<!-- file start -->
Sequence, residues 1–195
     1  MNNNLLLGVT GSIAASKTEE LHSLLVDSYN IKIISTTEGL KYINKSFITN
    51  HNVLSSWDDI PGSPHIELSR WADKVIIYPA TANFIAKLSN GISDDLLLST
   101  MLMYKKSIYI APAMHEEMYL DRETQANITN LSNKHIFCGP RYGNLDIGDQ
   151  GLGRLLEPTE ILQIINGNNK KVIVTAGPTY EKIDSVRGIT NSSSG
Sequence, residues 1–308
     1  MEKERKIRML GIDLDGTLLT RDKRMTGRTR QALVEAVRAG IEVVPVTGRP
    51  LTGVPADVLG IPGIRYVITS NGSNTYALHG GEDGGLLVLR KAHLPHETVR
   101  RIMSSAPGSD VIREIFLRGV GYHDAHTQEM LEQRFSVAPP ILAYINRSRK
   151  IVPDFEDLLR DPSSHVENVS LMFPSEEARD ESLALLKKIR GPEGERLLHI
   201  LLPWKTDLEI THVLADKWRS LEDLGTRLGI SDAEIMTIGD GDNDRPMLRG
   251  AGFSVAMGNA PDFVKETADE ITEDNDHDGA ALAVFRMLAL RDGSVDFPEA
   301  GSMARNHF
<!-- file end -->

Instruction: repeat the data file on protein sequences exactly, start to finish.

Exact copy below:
Sequence, residues 1–195
     1  MNNNLLLGVT GSIAASKTEE LHSLLVDSYN IKIISTTEGL KYINKSFITN
    51  HNVLSSWDDI PGSPHIELSR WADKVIIYPA TANFIAKLSN GISDDLLLST
   101  MLMYKKSIYI APAMHEEMYL DRETQANITN LSNKHIFCGP RYGNLDIGDQ
   151  GLGRLLEPTE ILQIINGNNK KVIVTAGPTY EKIDSVRGIT NSSSG
Sequence, residues 1–308
     1  MEKERKIRML GIDLDGTLLT RDKRMTGRTR QALVEAVRAG IEVVPVTGRP
    51  LTGVPADVLG IPGIRYVITS NGSNTYALHG GEDGGLLVLR KAHLPHETVR
   101  RIMSSAPGSD VIREIFLRGV GYHDAHTQEM LEQRFSVAPP ILAYINRSRK
   151  IVPDFEDLLR DPSSHVENVS LMFPSEEARD ESLALLKKIR GPEGERLLHI
   201  LLPWKTDLEI THVLADKWRS LEDLGTRLGI SDAEIMTIGD GDNDRPMLRG
   251  AGFSVAMGNA PDFVKETADE ITEDNDHDGA ALAVFRMLAL RDGSVDFPEA
   301  GSMARNHF